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What is it like being designated as a low performing school?

I am currently the principal of what our state of North Carolina deems as a “low performing school.” Based on our EOG proficiency and value added analysis, we are an “F” school that showed no growth last year.

When I began at my school on July 1, 2015, I knew the situation. My superintendent was very clear with me about what I was “getting into” as some folks would word it. Then we received the official designation in September as part of new state policy. We are still in the process of figuring out the in’s and out’s of being a low performing school and it is now almost February.

We are halfway through the school year, and all I’ve seen from this designation is additional paperwork and demoralized teachers and staff.

I must admit, I am so disappointed in how the low performing schools are being “supported” as low performing schools. I know that some of these requirements are from NCDPI and not necessarily from the State Board of Education. As the “new kid” at the school, I’ve asked myself many times, “Why are we a low performing school?”

Concord Middle has had 4 principals in 5 years. It has never performed GREAT in those last 5 years, and has traditionally had low proficiency. We serve a community that has the lowest of the low (for our area) and students that are not able to get home reinforcement of school learning. We are not Title 1 as we only have 73 percent free and reduced lunch. We are 1/3 Hispanic, 1/3 black, and 1/3 white.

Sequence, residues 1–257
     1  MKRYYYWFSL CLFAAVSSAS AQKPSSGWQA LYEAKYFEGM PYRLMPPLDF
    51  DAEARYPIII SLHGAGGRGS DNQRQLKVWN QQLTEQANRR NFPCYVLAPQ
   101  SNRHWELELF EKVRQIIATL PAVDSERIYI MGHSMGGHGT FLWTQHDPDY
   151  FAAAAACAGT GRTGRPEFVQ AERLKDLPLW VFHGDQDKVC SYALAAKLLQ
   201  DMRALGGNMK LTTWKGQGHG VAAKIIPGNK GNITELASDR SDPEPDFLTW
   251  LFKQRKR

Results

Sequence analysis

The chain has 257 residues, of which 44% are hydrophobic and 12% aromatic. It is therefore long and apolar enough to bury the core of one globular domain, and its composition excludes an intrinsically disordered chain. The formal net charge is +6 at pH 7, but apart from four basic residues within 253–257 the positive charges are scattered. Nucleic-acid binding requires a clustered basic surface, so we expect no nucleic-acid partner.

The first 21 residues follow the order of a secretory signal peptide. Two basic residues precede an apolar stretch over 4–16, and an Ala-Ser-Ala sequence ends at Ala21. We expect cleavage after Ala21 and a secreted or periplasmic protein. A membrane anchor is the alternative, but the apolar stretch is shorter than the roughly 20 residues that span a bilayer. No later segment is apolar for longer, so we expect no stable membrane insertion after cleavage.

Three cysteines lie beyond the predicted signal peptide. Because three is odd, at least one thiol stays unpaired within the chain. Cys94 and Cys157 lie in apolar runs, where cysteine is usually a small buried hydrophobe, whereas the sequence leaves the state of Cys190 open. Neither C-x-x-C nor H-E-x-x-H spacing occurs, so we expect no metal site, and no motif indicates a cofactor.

Our kids are amazing.

They have so much to offer the world, and they just need a school that will allow them to reveal that potential. With all the leadership transition, what does one expect when they have had four different hiring expectations in five years? I often feel like our staff has PTSD from all the change. There is so much emotion in our school surrounding change because it has been so constant for those that have chosen to stick around for whatever reason.

Becoming a low performing school does not happen in one year. It’s a process.

We will be having a meeting in mid-Feb with the NCDPI transformation team to learn of additional “support” for our school. But I honestly have low expectations for that meeting. Thus far, our additional requirements as a LPS have been simply to re-vamp our SIP and submit it to NCDPI and now additional evaluation requirements. Neither of these requirements will improve student achievement at our school.

I wish someone would ask our low-performing schools/LPS principals, about the reality of our school. I wish someone would ask,

“What do you think we (SBOE and NCDPI) can do to help your school help kids learn?”

My local board has asked us that. But my local board doesn’t have much control in these requirements. Our local board and school district have been incredibly supportive within the parameters that they have.